1.   An abused spouse of a United States citizen (USC) or a legal permanent resident (LPR).

2.   An abused child under the age of 21 of a USC or LPR.

3.  A non abused spouse of a USC or LPR whose child is abused by a USC or LPR spouse.

4.  An abused parent of a USC son or daughter age 21or older.

There is NO FILING FEE for those persons listed above.

What You Will Need To Prove:

  • That the abuse occurred during the marriage.
  • That the self-petitioner suffered abuse while living with the abuser.
  • That the abuse meets the definition of battery or extreme cruelty.
  • That the abuser and self-petitioner were legally married.
  • That the abuser spouse is or was a USC or LPR.

  • That a self-petitioner’s marriage was a “good faith” marriage.
  • That the self-petitioner resides in the United States or was subject to abuse when living in the United States.
  • That the self-petitioner is a person of good moral character.

Documentation Required

If you cannot get some or all of the documents you need for your self-petition, do not get discouraged. USCIS will consider any credible evidence, such as:

  • Sworn statements from friends; support letters from church members, employers, community members or agencies, and friends, your child’s school records, letter and cards.
  • Filing a self-petition (I-360) involves hard work, lots of time, patience, and paperwork.
  • You should contact an immigration attorney to see whether you are eligible to file a self-petition.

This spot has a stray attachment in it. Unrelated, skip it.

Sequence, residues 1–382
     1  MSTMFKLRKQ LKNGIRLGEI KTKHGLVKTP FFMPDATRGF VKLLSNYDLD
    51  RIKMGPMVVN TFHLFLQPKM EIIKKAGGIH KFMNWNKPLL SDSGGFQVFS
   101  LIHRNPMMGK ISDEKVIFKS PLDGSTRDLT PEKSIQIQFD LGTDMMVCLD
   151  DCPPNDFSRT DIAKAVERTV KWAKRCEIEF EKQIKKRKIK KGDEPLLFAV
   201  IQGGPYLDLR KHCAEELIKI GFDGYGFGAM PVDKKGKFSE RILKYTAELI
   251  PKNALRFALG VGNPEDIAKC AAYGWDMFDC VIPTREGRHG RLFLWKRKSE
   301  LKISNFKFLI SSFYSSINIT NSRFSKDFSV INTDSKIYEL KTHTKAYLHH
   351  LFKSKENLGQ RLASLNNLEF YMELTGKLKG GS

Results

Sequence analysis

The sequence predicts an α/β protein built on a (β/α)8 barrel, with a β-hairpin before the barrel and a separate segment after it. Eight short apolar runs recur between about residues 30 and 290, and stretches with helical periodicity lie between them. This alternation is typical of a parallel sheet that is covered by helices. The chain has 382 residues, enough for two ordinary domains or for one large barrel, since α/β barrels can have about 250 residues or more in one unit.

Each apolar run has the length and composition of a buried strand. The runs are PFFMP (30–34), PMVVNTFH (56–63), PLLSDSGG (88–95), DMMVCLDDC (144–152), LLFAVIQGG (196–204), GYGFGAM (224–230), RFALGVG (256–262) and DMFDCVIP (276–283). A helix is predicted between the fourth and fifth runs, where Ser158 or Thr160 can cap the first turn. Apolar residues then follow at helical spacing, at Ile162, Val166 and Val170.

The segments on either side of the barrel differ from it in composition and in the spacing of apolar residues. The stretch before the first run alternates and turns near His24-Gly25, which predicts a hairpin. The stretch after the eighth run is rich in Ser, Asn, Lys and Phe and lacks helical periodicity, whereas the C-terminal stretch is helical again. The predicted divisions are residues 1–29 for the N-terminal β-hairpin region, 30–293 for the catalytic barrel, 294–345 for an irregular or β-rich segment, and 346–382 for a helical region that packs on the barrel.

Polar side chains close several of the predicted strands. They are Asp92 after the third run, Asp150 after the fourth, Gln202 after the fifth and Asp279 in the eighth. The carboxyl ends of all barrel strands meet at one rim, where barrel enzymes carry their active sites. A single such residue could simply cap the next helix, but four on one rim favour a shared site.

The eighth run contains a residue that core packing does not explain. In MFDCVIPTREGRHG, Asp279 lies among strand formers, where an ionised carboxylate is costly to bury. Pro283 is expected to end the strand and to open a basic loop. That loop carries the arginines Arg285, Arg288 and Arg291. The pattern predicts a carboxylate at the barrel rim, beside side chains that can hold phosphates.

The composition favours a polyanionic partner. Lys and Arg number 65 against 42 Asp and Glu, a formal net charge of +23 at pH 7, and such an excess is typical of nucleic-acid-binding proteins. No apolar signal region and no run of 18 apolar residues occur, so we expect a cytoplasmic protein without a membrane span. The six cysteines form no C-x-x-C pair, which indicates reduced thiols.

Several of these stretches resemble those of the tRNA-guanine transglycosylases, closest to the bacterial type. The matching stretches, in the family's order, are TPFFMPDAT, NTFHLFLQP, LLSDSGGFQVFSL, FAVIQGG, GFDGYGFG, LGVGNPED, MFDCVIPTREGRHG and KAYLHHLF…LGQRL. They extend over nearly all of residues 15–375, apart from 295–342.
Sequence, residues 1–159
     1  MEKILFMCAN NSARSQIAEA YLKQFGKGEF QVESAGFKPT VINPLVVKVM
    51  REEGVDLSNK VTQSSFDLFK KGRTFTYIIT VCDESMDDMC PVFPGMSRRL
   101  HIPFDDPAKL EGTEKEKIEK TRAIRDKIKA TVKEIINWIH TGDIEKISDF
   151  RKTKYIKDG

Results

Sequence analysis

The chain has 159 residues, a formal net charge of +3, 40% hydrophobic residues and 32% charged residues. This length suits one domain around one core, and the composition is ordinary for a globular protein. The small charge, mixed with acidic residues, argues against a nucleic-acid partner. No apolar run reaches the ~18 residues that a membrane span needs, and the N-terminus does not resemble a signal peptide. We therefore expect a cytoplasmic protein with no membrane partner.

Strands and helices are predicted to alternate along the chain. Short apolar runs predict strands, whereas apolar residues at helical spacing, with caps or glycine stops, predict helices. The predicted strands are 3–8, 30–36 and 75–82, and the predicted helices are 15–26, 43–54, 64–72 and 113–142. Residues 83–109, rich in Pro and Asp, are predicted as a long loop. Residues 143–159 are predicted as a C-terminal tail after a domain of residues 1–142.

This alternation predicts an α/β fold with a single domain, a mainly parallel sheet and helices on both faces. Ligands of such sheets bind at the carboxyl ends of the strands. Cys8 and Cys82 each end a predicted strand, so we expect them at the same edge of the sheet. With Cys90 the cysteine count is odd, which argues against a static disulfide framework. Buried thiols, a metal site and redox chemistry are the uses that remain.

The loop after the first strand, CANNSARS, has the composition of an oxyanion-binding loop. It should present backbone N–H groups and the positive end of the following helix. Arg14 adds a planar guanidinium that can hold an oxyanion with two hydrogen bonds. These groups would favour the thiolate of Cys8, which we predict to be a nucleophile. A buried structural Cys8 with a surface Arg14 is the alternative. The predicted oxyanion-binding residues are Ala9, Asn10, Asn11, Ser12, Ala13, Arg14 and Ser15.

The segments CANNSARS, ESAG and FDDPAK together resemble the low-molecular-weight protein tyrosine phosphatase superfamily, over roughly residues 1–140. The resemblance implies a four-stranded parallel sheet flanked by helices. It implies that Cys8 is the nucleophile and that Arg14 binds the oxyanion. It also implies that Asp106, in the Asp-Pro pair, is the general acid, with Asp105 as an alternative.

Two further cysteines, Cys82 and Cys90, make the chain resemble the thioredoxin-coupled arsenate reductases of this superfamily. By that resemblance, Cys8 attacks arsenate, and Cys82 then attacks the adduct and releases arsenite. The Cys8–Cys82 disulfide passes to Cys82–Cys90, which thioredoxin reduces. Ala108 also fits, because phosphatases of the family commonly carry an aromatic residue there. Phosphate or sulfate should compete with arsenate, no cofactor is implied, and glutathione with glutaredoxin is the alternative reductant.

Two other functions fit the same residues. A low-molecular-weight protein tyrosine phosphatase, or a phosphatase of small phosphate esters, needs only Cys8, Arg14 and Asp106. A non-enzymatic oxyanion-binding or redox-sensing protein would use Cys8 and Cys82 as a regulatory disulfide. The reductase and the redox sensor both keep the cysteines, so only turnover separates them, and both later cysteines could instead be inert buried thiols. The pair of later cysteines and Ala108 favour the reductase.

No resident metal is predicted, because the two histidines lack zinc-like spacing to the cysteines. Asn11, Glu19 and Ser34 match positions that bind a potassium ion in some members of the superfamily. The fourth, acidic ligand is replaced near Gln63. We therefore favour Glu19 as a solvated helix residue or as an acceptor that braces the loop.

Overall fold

Two Ways To Apply For Services:


1. Call the Toll-Free Number: 1-800-634-5263 Monday through Thursday from 9:00 a.m. to 3:00 p.m.

     If you are 60 years of age or older, call 1-866-621-9886 Monday through Thursday from 8:00 a.m. to 5:00 p.m. Friday from 8:00 a.m. to 2:00 p.m.


2.  Apply online at


INTERPRETERS Are Always Provided AT NO COST To The Client, By Telephone Or During Office Visits.

DISCLAIMER: This information is not legal advice.  If you have a legal problem, you should talk to a lawyer and ask for advice about your options

August 2011


Becoming A United States Citizen
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  • You cannot be removed (deported) from the U.S. for any reason.
  • You can get a U.S. Passport for traveling.
  • You can vote.
  • Your minor children born abroad who came to the U.S. with you will automatically become U.S. citizens by law.
  • You will be eligible for Social Security and other public benefits that are stopped after you have been in the U.S. for seven years without becoming a U.S. citizen.